by Gil Hoy

"Custer's Last Stand" by Harold von Schmidt. Image source: Smithsonian.

Veterans Day Weekend 2014

On November 11, honor the brave dead

from Afghanistan and Iraq, heroes against
German and Japanese imperialism

and the sacrificed souls in “the war to end
all wars.”

But also thank Custer’s soldiers
for not completing the genocide.

I went to bed and dreamt that Sitting Bull
saw Hiroshima and Nagasaki
in a vision quest

and then dropped an A-Bomb on Washington, D.C.

to stop invading Custer
from killing his women and children
like so many insects.

Upon awakening, I discovered that America
attacked Iraq for weapons of mass destruction

after murderous
pecuniary munitions manufacturers
crumbled twin towers
with their boomerang missiles

because recipients of evil often do evil in return.

Russian troops rhythmically
marched in the Ukraine,
a cruel video
beheaded a journalist,

ruinous bombs reined down
on rubbled villages of the weak,
and a bullet to a private’s leg became gangrene
as sepsis spread to amputation and death.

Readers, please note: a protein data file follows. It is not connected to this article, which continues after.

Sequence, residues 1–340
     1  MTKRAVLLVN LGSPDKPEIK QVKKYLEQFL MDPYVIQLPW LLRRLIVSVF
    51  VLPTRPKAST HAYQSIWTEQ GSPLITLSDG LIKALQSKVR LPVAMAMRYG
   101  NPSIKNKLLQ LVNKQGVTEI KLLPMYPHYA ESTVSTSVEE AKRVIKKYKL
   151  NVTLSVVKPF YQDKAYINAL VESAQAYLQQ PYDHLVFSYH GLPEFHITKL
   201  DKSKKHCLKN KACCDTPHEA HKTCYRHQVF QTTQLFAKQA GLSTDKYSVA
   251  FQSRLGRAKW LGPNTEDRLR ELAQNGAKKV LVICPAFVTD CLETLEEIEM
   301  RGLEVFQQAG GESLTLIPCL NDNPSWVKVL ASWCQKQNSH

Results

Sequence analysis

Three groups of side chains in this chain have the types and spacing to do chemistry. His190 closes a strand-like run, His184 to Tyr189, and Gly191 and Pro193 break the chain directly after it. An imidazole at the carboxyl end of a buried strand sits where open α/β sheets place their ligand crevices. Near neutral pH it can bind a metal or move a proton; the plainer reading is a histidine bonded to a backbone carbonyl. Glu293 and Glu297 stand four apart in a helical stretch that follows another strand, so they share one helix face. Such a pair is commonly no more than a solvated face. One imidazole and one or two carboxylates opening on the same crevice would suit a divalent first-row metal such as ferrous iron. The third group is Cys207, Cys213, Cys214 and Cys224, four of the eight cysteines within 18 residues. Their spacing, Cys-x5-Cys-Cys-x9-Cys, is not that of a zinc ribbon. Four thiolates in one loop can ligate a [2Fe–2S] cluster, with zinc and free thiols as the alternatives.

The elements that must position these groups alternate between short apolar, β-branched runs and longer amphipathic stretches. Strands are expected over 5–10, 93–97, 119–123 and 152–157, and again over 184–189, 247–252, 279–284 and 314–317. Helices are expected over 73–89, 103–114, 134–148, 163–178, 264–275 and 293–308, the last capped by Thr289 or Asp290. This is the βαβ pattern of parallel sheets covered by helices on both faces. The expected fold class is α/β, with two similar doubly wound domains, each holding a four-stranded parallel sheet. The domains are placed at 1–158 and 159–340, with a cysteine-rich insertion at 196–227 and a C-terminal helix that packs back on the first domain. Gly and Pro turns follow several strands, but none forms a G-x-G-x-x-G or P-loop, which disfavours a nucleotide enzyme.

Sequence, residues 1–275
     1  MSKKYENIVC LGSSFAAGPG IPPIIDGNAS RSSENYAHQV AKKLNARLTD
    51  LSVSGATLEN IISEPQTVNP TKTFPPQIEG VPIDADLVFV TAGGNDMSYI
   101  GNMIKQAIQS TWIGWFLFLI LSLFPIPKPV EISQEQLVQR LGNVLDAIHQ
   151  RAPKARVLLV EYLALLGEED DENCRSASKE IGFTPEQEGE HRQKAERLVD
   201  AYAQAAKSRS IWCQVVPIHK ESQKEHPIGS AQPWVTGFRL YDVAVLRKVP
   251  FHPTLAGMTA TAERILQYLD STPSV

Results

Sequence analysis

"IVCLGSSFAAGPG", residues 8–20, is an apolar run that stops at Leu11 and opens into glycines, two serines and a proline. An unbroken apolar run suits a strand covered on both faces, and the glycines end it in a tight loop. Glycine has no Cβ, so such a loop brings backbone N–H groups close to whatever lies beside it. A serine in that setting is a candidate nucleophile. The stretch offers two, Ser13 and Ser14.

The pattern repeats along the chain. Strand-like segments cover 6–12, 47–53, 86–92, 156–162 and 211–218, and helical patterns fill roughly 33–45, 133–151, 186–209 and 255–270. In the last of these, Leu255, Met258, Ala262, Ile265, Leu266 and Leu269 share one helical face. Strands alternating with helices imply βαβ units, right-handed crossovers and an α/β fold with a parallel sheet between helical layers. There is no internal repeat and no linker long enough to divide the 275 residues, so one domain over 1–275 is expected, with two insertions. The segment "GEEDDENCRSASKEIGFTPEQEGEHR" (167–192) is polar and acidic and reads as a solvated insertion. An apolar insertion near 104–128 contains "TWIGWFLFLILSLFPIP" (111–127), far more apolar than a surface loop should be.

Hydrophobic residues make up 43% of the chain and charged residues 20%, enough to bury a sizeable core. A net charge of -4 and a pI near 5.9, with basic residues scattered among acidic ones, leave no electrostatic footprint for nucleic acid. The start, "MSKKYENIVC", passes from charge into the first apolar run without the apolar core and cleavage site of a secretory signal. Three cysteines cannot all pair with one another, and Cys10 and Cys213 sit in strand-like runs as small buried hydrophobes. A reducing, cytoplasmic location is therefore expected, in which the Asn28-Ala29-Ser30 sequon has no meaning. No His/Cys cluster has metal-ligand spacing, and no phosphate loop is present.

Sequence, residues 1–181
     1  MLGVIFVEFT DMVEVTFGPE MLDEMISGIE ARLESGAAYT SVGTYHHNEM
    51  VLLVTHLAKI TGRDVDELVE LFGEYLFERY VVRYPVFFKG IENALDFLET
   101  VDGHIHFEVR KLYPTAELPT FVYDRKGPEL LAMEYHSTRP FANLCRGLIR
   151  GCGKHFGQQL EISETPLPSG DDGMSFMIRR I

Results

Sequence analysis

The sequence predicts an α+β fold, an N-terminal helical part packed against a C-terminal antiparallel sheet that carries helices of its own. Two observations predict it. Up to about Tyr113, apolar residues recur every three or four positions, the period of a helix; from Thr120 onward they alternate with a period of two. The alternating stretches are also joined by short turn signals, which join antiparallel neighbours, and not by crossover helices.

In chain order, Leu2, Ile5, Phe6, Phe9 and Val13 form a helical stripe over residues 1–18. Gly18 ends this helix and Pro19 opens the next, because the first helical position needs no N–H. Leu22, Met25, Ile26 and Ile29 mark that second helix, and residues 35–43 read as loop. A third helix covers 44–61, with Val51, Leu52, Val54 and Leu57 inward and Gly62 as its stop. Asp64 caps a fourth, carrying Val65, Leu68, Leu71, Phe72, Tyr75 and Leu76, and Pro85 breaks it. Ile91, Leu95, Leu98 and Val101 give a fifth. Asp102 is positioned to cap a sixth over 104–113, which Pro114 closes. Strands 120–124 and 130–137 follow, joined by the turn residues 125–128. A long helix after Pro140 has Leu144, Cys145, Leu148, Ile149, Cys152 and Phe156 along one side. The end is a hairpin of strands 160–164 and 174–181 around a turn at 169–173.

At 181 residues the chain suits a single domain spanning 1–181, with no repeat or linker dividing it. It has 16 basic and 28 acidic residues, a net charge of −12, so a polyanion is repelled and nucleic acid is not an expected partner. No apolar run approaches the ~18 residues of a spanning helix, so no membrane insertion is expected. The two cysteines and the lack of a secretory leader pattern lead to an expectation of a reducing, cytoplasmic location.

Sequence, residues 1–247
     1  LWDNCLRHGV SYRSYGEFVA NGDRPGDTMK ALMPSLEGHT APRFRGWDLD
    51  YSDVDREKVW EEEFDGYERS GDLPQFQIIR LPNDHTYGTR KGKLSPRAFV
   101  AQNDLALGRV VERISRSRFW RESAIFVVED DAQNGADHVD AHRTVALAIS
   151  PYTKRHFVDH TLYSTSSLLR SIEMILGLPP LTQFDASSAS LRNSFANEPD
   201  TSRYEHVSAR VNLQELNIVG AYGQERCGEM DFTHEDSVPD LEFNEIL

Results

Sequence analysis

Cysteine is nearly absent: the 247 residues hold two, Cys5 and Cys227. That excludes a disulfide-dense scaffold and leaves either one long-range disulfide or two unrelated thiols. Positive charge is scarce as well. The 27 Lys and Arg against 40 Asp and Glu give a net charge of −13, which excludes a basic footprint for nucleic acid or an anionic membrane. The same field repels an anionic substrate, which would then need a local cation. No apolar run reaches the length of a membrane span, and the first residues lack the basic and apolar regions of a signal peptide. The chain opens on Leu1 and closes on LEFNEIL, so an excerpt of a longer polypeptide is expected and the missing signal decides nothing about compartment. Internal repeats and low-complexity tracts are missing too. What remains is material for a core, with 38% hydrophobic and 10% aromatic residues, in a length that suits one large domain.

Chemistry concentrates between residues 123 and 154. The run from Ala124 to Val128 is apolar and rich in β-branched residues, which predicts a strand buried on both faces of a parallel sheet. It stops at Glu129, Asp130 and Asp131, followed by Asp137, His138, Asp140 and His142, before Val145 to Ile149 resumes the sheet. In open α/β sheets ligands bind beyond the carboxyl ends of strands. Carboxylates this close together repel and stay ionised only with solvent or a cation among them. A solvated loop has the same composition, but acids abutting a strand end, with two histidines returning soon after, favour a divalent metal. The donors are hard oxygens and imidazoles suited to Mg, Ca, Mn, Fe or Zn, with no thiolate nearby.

An obscure philosophy book said
that Custer should have refused
to attack renegades

because the Black Hills were the Lakota’s by treaty

and that God had ordered Custer’s men to lay down
their weapons or be shot for insubordination.

By river rapids, a sweating grimacing squaw
watched the blue cavalry approach as
she gave birth to a red son,

who drew his first breath,
wailed loudly and coveted white milk.

Gil Hoy received a B.A in Philosophy from Boston University, an M.A. in Government from Georgetown University, and a law degree from the University of Virginia. Gil also is an elected member of the Brookline, MA Democratic Town Committee, and served as a Brookline Selectman for 12 years. Gil studied poetry at Boston University, and started writing his own poetry in February of this year. Since then, Gil’s poems have been published in Soul Fountain, The New Verse News, The Story Teller Magazine, the Clark Street Review, Eye On Life Magazine, and Stepping Stones Magazine.